Cover crops can be grown for several purposes, but generally they fall into three main categories: a nitrogen trap crop, a source of cover and residue, or a source of nitrogen.
Dave Mengel, Kansas State University soil fertility specialist, says trap crops are used to absorb nitrogen from the soil. If the cover crop is not grazed or harvested, the nitrogen taken up by the crop remains onsite and is preserved within the residue for use by future crops.
"This helps reduce potential nitrogen losses from the soil through leaching or denitrification that may have occurred during the period between cash crops," Mengel says.
For trap crops, the use of fast-growing, nitrogen-demanding crops are ideal. Mengel says good choices would include millet or forage sorghum for planting in the summer after wheat; or cereal rye, wheat, triticale or canola for planting in the fall after summer crops.
"Keep in mind that the trap crops will use the soil nitrogen taken up to support growth," Mengel says. "In most cases, trap crops will have a high carbon-to-nitrogen ratio, so the release of the nitrogen to subsequent crops may be slow. In fact, it may be the second or third subsequent crop that actually benefits from the trapped nitrogen."
The main benefit, Mengel says, is that the trapped nitrogen is not available to move through the soil to contaminate groundwater. Most trap crops are also well-suited as residue cover sources.
"Remember, the rate of residue decomposition can be controlled to some extent by selecting a cover crop," he adds. "If the goal is to produce a residue cover, a crop with high-carbon, low-nitrogen residue, such as forage sorghum, millet or cereal rye would be a good choice.
"Letting it become fairly mature in a nitrogen-deficient environment will increase the carbon-to-nitrogen ratio, and slow decomposition."
If wanting to grow cover crops to provide supplemental nitrogen to future cereal or forages, Mengel says legumes are preferred. But cereals can also be useful, especially due to lower seed costs, if killed at an early growth stage when the residue has a low carbon-to-nitrogen ratio and decomposes more quickly.
Legumes fix atmospheric nitrogen, if they are well-nodulated, but the amount produced will vary widely. Mengel says the carbon-to-nitrogen ratio is important when determining how quickly the fixed nitrogen will be available to subsequent crops. Fine-textured, low carbon-to-nitrogen plants, such as alfalfa, clover, soybeans, or peas, will decompose much more quickly, and release nitrogen much more rapidly, than coarse-textured, high carbon-to-nitrogen plants, such as mature sunn hemp.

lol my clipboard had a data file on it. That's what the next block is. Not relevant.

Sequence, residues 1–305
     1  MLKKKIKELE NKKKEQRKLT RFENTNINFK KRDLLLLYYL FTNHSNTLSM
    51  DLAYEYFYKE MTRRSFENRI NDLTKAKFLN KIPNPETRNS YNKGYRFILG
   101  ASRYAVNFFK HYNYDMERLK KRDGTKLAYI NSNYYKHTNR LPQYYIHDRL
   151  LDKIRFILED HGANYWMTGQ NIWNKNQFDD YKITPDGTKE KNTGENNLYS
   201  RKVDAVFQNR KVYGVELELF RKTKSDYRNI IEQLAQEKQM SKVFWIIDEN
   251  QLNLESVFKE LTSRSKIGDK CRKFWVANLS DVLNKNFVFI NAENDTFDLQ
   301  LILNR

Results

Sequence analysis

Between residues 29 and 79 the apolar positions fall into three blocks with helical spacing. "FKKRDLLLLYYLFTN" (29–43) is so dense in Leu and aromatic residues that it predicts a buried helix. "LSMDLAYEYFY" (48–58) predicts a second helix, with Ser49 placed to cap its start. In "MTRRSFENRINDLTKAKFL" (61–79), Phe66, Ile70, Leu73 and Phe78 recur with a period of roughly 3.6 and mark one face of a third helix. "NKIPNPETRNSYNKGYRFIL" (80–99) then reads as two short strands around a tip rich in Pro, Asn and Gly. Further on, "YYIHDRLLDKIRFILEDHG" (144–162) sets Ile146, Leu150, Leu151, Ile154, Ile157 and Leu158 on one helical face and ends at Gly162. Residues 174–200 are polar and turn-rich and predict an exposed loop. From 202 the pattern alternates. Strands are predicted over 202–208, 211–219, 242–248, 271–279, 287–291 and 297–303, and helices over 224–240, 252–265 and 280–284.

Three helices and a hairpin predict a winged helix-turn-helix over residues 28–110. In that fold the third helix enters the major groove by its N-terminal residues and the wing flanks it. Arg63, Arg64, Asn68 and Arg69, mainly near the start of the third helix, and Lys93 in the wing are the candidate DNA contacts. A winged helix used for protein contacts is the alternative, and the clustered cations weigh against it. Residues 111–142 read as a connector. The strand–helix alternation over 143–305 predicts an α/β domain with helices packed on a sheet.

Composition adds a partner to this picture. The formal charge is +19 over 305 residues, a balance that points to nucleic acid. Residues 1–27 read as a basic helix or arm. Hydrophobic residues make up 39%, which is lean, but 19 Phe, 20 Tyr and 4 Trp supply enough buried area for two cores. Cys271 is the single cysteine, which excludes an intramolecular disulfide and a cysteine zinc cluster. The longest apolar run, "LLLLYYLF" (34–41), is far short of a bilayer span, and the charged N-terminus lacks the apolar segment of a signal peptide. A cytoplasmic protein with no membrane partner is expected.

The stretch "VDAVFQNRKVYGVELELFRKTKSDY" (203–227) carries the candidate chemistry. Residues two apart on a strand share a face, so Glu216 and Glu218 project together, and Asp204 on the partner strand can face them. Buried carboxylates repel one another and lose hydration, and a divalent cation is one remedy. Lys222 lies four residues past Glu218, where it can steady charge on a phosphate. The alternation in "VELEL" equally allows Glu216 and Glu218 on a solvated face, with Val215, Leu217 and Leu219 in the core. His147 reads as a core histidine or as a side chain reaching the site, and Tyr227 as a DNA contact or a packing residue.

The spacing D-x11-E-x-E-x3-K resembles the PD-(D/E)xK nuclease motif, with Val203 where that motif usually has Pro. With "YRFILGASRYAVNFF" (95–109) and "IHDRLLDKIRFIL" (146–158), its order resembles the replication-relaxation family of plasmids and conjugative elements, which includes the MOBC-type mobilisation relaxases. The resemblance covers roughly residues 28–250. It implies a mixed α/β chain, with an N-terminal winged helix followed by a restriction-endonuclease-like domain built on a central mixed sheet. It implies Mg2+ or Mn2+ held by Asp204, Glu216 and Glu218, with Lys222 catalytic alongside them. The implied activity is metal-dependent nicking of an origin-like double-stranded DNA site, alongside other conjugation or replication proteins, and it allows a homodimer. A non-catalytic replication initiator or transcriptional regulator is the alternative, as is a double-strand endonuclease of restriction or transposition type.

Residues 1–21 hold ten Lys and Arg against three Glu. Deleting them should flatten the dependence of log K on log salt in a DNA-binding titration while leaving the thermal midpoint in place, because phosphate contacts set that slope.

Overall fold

"Nitrogen fixation is a very energy intensive process," Mengel says. "That means conditions must be favorable to photosynthesis and high yield to achieve maximum nitrogen fixation. In many cases, short daylength, cool temperatures and dry soils limit nitrogen fixation by many legumes planted after wheat or summer crops.
"Also, keep in mind that high soil nitrates will feed the legume crop and reduce nitrogen fixation. So the actual nitrogen fixation from many legumes can be less than expected."
Research in Kansas has shown that the amount of nitrogen that can be produced, or trapped, can vary widely, Mengel says. For trap crops planted after wheat, 20 to 60 pounds of nitrogen can be trapped by crops such as millet, forage sorghum or sudangrass.
In fields with a history of manure applications, or when planted after a failed wheat crop, values could be higher. But Mengel says that the vast majority of the nitrogen has already been taken up by the time the wheat heads.
Winter cereals planted after corn will often trap 20 to 40 pounds nitrogen per acre. Less will normally be trapped by cereals after sorghum.
Mengel says the amount of nitrogen produced by legumes planted after wheat and terminated by frost can vary widely. Generally, long-season soybeans which stay vegetative and sunn hemp will produce the largest amounts, perhaps as high as 100 pounds nitrogen per acre.
But what portion will become available can be a question, especially with very aggressive crops such as sunn hemp. Cowpeas would be expected to produce significantly less nitrogen.
"The amount of nitrogen produced by winter legumes, such as vetch and winter peas planted after corn or other summer crops, is primarily determined by when they are terminated in the spring," Mengel says. "Generally, the equivalent of 30 to 50 pounds of fertilizer nitrogen can be produced if winter legumes are allowed to grow until mid- to late May. Killed earlier, nitrogen production is considerably less.
"Unfortunately, the cost of seed and planting the legume cover crop can exceed the value of nitrogen produced."